Paving a better future for those to come

Perry Cornell

When Perry Cornell was first diagnosed with inflammatory bowel disease (IBD) in 1992, he had just begun a new career and was relocated from city to city within Ontario.

It wasn’t until 2004, when Perry and his wife settled in Barrie, that he actively sought out Crohn’s and Colitis Canada. He soon became an active member of the Simcoe County chapter.

This marked the beginning of a long tenure with the organization, during which he met others in the IBD community, developed long-lasting friendships, and experienced the growth of Crohn’s and Colitis Canada firsthand.

From local to national

Before the Gutsy Walk became the signature fundraiser it is today, it was called the “Heel ‘n’ Wheel-a-thon” and took place on different days throughout the months of May and June. In Simcoe County, they shared the path along the Barrie waterfront with other fundraising walks on any given summer weekend.

Perry’s first Heel ‘n’ Wheel-a-thon was in 2005. At first, as the event was finding its footing, participation was limited—but being present when there were only 10 to 15 walkers made the turnout in recent years all the more impressive.

“During one of the Gutsy Walks,” recalls Perry, “I remember discussing with Mayor Jeff Leeman how the participation rate in Barrie over the past ten years had grown exponentially.” 

When the Heel ‘n’ Wheel-a-thon was rebranded as the Gutsy Walk in 2012, a single recurring date—the first Sunday of June—was chosen to unite the Crohn’s and colitis community. However, the Barrie waterfront trail had already been booked for the first Sunday of June that year, so the Simcoe County walk was forced to relocate. 

This turned out to be a blessing in disguise: the volunteers were able to secure St. Vincent Park. In doing so, the Simcoe County Gutsy Walk found a home—a familiar constant as the fundraiser evolved and welcomed more members of the Crohn’s and colitis community.

“I am confident that [making the Gutsy Walk] an event held on the same day across the country was instrumental in solidifying and expanding its participant base,” says Perry.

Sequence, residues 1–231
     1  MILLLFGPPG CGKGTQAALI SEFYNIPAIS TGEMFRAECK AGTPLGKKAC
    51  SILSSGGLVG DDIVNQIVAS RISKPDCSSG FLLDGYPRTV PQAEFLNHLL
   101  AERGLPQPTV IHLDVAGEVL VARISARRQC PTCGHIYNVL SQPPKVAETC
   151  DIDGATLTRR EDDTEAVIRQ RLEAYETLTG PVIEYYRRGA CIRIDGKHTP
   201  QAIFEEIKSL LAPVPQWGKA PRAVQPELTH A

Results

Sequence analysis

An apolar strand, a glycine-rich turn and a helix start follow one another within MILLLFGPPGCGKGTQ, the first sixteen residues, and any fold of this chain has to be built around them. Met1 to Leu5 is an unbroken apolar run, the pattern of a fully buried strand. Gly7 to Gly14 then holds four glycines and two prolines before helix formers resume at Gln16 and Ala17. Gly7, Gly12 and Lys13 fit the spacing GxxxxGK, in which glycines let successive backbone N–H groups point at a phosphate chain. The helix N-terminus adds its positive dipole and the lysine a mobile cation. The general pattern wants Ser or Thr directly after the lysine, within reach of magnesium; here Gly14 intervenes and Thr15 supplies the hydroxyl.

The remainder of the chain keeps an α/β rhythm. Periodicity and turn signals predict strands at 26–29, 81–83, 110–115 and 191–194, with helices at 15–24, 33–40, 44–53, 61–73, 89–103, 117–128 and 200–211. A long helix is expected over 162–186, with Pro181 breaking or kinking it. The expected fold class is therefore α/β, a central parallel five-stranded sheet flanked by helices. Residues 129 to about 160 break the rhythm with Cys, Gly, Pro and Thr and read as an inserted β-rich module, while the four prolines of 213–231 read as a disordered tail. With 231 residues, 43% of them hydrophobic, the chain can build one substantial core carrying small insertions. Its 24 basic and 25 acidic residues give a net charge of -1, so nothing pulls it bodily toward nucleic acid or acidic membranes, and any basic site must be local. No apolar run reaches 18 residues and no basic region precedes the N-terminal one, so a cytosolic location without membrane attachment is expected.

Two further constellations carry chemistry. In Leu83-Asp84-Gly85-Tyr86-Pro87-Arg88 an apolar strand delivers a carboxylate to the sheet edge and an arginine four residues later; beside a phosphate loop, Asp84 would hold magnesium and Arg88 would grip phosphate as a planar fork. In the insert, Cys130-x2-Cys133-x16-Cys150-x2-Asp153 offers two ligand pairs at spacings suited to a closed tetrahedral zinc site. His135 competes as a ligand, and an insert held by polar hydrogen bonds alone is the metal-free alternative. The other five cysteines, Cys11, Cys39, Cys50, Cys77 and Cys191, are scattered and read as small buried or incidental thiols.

Hope for the future, comfort in the present

“I find it heart-wrenching to hear about the battles these insidious diseases cause,” says Perry. “The pain and suffering of young kids and teens is extremely troubling, especially when [those] should be the best years of their young lives.”

Thinking of the future motivates him: “I have always felt that the Gutsy Walk was my way of helping to make the road behind me a little straighter, and hopefully a little easier for those that follow.”

He believes that the biggest challenge those living with Crohn’s or colitis must overcome is accepting the reality of a chronic autoimmune illness: “People get this disease and they kind of lock it in the bathroom. Once you get over that hurdle, you’ll be able to be honest with yourself and realize you’re in it for the long haul. People then become a lot more open and willing to share.”

This kind of personal growth allows people to peek out of their shells and see that they are not alone. Oftentimes, it is through sharing personal stories that people can find comfort and familiarity.

In that sense, the annual Gutsy Walk is more than just a walk. It is a chance for those touched by Crohn’s and colitis to come together for a common cause and share their battles and triumphs. It is a day where each participant seeks to inspire and be inspired, all in hopes of a way to Make it stop. For life.

Fundraising tips

The battle against Crohn’s and colitis continues, and we need all the help we can get. Perry shares a few of his fundraising secrets with us:

“I always send a personalized email to everyone that donates to my Gutsy Walk initiative,” he says. “It is the least I can do after they have taken the time out of their busy life to support me in this effort.

He also feels it is important to personalize your Gutsy Walk donation page. Not only can the process be liberating and therapeutic, it provides donors with a personal connection to the cause.

Lastly, as a previous Registration Captain at the Simcoe County Gutsy Walk, Perry understands firsthand the benefits of electronic donations: “it eliminates errors, reduces costs, and really helps the registration group with processing on walk day.”

Will you take up our mission? Register, donate, or become a Gutsy Walk volunteer today.


  • Canada has among the highest incidence rates of Crohn's and colitis in the world.
  • 1 in 140 Canadians lives with Crohn’s or colitis.
  • Families new to Canada are developing these diseases for the first time.
  • Incidence of Crohn’s in Canadian kids under 10 has doubled since 1995.
  • People are most commonly diagnosed before age 30.

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